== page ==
Portsmouth Democrat Matthew James also hasn’t been especially popular in the energy industry. Since 2009, when he first ran for delegate, he has accepted a mere $5,000 from Dominion, $3,500 from coal interests, and $3,350 from the natural gas companies—token amounts by Virginia standards, but they may be due for a sudden increase.

James does not seem to have introduced any energy-related bills. However, his votes earned him an A on the Sierra Club scorecard. James is listed as the President and CEO of the Peninsula Council for Workforce Development. Maybe he will see an opportunity in the Clean Power Plan to develop jobs in the solar, wind, and energy efficiency industries, which have outperformed the economy generally.

So there you have the five Republicans and two Democrats who get first crack at any bill either facilitating Virginia’s compliance with the Clean Power Plan, or hostile to it. If they like a bill, it moves to the full Commerce and Labor committees. If they scuttle a bill, no one else in the entire legislature will get to vote on it.

That’s how it works, or doesn’t, in the Old Dominion.

Virginia regulators approve Appalachian Power’s “solar tax”

Virginia homeowners had better tell their solar installers to keep it under 10 kW. Photo credit Gray Watson

Virginia homeowners had better tell their solar installers to keep it under 10 kW. Photo credit Gray Watson

The State Corporation Commission has granted Appalachian Power Company’s request to be allowed to impose “standby” charges on residential customers with solar systems over 10 kilowatts. The charges can range up to more than $100 per month, regardless of how much electricity the homeowner actually draws from the grid.

In its Final Order in case number PUE-2014-00026, dated November 26, the SCC ruled that APCo’s standby charge complies with § 56-594 F of the Virginia Code, which provides for standby charges for net-metered residential systems between 10 and 20 kW. (The law does not allow for net metering of residential systems over 20 kW.)

Environmental groups intervened in the case and ran a grassroots campaign that generated over 1500 comments to the SCC, opposing what has been dubbed a “tax on the sun.” The result, however, was never in much doubt. The SCC has repeatedly demonstrated a willingness to accept without scrutiny utility assertions that solar customers impose costs on other customers.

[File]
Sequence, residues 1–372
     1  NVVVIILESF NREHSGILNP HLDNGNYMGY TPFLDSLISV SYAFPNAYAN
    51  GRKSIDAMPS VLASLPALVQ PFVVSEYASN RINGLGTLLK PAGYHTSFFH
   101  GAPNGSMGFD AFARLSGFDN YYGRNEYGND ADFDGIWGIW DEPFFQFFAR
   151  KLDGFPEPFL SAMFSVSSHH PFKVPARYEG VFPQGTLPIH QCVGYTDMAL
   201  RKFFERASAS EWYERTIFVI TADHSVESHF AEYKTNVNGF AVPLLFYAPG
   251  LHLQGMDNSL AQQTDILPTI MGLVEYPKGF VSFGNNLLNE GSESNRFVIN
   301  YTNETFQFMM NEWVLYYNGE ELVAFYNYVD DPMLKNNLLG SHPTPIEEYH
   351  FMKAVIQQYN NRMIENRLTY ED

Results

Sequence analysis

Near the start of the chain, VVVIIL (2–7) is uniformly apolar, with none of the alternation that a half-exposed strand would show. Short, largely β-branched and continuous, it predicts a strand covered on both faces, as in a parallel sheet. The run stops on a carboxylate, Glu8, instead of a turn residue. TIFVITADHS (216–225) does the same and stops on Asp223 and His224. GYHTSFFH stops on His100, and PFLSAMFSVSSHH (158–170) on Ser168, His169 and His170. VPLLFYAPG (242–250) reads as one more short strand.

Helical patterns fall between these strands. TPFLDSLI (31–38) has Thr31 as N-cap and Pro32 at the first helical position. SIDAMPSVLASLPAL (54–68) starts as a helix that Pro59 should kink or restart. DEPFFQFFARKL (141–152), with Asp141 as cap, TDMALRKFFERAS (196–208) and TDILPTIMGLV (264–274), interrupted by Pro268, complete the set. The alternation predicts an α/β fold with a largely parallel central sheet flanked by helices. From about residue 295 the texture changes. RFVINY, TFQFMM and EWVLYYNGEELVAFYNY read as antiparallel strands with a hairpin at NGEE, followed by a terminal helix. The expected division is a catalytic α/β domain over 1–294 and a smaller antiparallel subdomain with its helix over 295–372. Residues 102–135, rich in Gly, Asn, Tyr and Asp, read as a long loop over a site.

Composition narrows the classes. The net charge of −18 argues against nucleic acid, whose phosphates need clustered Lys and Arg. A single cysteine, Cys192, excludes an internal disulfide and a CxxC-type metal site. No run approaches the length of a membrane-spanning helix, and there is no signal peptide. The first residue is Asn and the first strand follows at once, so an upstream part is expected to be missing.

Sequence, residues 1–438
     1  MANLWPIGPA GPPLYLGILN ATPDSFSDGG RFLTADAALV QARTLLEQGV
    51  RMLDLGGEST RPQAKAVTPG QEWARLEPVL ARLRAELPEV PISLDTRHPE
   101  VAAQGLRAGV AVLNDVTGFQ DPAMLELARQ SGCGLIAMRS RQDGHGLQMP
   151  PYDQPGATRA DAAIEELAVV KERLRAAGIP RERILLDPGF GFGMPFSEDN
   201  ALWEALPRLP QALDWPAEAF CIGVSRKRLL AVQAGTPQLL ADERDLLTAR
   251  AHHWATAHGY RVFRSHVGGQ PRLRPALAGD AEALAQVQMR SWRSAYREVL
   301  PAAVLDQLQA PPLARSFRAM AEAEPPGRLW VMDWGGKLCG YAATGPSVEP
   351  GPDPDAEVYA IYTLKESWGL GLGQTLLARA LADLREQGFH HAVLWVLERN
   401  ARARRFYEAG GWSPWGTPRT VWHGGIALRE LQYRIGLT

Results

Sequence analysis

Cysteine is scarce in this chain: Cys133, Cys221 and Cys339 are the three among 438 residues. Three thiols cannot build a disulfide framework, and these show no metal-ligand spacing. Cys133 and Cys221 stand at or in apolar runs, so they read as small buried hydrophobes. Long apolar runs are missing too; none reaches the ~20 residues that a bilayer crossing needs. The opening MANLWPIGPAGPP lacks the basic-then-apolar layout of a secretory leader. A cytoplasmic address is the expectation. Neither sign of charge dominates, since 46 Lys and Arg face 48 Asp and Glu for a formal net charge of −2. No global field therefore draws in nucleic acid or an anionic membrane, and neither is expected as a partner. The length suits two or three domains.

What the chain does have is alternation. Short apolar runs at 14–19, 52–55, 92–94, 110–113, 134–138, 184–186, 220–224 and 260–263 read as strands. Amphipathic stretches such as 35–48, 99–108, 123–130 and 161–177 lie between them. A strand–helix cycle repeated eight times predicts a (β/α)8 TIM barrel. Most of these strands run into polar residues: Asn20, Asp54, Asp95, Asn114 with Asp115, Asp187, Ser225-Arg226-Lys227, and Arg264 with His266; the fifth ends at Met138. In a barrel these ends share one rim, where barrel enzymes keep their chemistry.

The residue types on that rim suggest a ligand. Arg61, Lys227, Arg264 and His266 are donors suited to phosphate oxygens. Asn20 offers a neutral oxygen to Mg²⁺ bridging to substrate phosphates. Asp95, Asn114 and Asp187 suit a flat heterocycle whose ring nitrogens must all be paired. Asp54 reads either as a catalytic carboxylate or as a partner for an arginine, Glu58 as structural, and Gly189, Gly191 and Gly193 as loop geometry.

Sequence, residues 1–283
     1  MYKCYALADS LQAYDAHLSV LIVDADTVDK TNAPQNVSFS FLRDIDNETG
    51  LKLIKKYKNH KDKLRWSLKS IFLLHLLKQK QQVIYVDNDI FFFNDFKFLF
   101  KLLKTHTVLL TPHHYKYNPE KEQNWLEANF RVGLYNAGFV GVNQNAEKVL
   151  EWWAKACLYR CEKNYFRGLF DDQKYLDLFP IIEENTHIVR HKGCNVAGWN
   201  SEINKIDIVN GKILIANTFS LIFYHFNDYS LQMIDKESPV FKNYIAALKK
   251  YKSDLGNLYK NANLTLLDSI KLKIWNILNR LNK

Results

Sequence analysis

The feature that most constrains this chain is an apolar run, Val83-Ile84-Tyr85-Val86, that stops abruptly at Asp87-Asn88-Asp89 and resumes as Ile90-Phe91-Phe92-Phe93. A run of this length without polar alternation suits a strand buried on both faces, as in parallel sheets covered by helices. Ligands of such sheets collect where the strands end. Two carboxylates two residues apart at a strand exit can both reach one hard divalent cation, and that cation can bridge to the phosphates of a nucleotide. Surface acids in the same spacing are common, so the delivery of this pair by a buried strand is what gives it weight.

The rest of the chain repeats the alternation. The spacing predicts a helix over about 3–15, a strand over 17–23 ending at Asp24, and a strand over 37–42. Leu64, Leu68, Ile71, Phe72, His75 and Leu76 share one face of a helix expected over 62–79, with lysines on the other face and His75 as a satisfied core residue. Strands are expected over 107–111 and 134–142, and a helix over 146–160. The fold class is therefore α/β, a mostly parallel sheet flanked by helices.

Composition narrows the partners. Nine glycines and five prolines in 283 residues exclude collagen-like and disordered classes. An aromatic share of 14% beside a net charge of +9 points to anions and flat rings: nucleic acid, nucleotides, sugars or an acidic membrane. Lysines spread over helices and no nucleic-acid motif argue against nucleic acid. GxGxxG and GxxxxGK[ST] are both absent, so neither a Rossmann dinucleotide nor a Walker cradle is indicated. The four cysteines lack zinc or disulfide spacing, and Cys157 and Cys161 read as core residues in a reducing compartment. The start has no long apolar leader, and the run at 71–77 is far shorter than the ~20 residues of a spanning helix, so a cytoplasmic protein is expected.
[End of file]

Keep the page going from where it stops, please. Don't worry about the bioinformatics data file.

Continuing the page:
Attorneys at the Southern Environmental Law Center, who argued against the standby charges on behalf of the Sierra Club and other groups, say the SCC’s reasoning is flawed. According to Cale Jaffe, Director of the SELC’s Virginia office, “Appalachian Power actually conceded during the hearing that it was ‘not in a position’ to determine whether solar customers had ‘a positive or negative impact to the distribution cost of service.’  In other words, Appalachian Power said that solar customers might be having a positive impact in helping to reduce APCo’s distribution costs, but that the power company didn’t have the data and didn’t know one way or the other.”

Jaffe added, “We saw that piece of evidence as a fatal concession, at least with respect to the distribution portion of the charge.” Yet a reading of the Final Order suggests the Commission never even considered the point.

The SCC allowed APCo, like Dominion before it, to consider only transmission and distribution costs, ignoring generation costs for now. Advocates urge that solar systems produce power at times of peak demand, reducing the need for utilities to buy expensive peak power, and therefore actually saving them money. The utilities dispute this, but it is worth noting that APCo’s most recent Integrated Resource Plan from March of this year projects that solar power will be cheaper than its avoided cost of energy by 2019. But of course, the point of standby charges isn’t about the cost of solar, but about preventing customers from generating their own power.

In spite of all the time and money APCo has spent to get approval for the standby charges, the utility has said that only five existing customers will be affected. The real impact will be to limit the number of homeowners who choose to install large solar systems going forward. The prospect of paying high standby fees will likely discourage APCo customers from buying systems over 10 kW, as has happened in Dominion’s territory after the SCC allowed Dominion Virginia Power to impose similar standby fees a year ago.

Although a 10 kW system is bigger than the average Virginia home needs by itself, people with electric cars can find their demand exceeds that limit. Moreover, Dominion Virginia Power has signaled that it would like to impose standby charges on all of its solar customers, regardless of system size.

The actions of Virginia utilities and the SCC put the commonwealth in the thick of a nationwide battle over customer-owned, “distributed” solar. While most studies analyzing the value of solar have concluded that distributed solar benefits the public and the grid, utilities fear it will eat into their profit margins. They see Virginia as a good place to establish a precedent friendly to the utility viewpoint, due to the commonwealth’s history of allowing its utilities to dictate energy policy. So far, this episode proves them right.

Dominion ditches plans for onshore wind in Virginia, but grows bullish on solar

Not for you, Virginia.

Not for you, Virginia.